However, I do accuse Im Tirtzu of severe myopia. Their menacing admonitions betray a blatant, pathetic misunderstanding of what Israeli universities exemplify. BGU, along with its sister universities across Israel, is blessed with leading research facilities that contribute enormously to the country and the rest of the world. From a Zionist perspective, these institutions enable advocates for Israel to share the country’s incredible achievements. The world’s computers, communications devices, medical cabinets, agricultural fields and bookshelves are replete with intellectual property produced in Israel. Israel generates more scientific papers per capita than any other nation, and Israeli academics have won five Nobel Prizes in science in the past decade alone.
Aside from the half dozen academics branded as anti-Zionists in Im Tirtzu’s letter, BGU has over 1,600 faculty educating approximately 18,000 students. The university is a world leader in medicine, arid zone research, water treatment, and solar energy. Its recent conference on desertification attracted more than 350 participants from over 40 countries, many of which are developing nations with poor or hostile relations with Israel. David Ben-Gurion’s archives, comprising 75,000 documents, are housed and studied at the university’s Sde Boker campus. The Eilat campus has the country’s leading schools for oceanography and hotel management.
Beware what you wish for
Freedom of speech should be extended to organizations like Im Tirtzu and they can choose to discourage voluntary support for institutions they oppose. But they should be careful what they wish for. If you wish ill upon Israel’s universities and seek to deprive them of financial support for their first-rate research, they may wind up as mere purveyors of ideology. Taken to the extreme, Im Tirtzu’s approach could lead us to the model found in many of Israel’s neighboring countries, where universities inexorably devolve into state-controlled laboratories of hate-mongering, saber-rattling, and demonstrations against exogenous demons.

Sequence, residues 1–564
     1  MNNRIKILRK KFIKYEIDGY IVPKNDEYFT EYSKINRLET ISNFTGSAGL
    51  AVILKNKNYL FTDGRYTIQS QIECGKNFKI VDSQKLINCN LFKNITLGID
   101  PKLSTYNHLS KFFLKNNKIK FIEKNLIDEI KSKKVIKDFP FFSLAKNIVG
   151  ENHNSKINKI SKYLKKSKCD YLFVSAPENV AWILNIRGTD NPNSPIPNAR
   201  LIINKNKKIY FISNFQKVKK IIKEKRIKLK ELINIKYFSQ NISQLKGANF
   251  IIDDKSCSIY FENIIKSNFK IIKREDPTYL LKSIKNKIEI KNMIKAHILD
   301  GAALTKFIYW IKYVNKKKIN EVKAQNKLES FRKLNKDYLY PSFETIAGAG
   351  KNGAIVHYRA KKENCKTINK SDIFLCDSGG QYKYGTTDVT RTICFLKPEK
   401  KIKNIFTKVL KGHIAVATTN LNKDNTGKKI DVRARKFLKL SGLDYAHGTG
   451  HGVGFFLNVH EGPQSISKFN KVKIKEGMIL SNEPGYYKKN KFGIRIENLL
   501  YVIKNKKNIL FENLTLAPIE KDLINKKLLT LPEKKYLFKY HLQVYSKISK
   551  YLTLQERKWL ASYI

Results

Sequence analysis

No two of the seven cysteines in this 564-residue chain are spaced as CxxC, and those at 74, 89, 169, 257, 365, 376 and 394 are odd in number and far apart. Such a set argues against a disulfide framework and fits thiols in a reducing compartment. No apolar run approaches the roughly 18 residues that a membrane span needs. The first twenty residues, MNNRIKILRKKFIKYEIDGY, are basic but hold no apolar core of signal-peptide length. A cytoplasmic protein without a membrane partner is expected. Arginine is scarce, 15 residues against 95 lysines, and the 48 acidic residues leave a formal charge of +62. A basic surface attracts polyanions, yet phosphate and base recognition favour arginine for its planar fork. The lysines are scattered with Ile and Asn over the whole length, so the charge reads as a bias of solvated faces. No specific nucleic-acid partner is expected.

We need to learn important lessons from Herzl and Ben-Gurion, men with strong personal opinions who welcomed other perspectives in the spirit of open, democratic debate. Herzl purposely recruited Jews with many points of view. They grappled with contentious issues such as the geographic imperative that Israel be the exclusive home for the nascent Jewish state. Ben-Gurion presided over a team that was often similarly divided but planted the seeds for a flourishing democracy.
I believe that Ben-Gurion University would be an excellent venue to host a symposium on the boundaries of academic expression. Attendees could propose reasonable limits demonstrably justified in a free and democratic society. Certainly, organizations like Im Tirtzu should be invited to share their thoughts. I suspect they will want to propose curricular “Red Lines” that cannot be crossed. However, if they really purport to act in the name of Zionism, I recommend that they be careful. Drawing Red Lines could smudge, even blot out, the essential values, achievement and boundless potential of Blue and White.
Published by Globes [online], Israel business news - www.globes-online.com - on August 26, 2010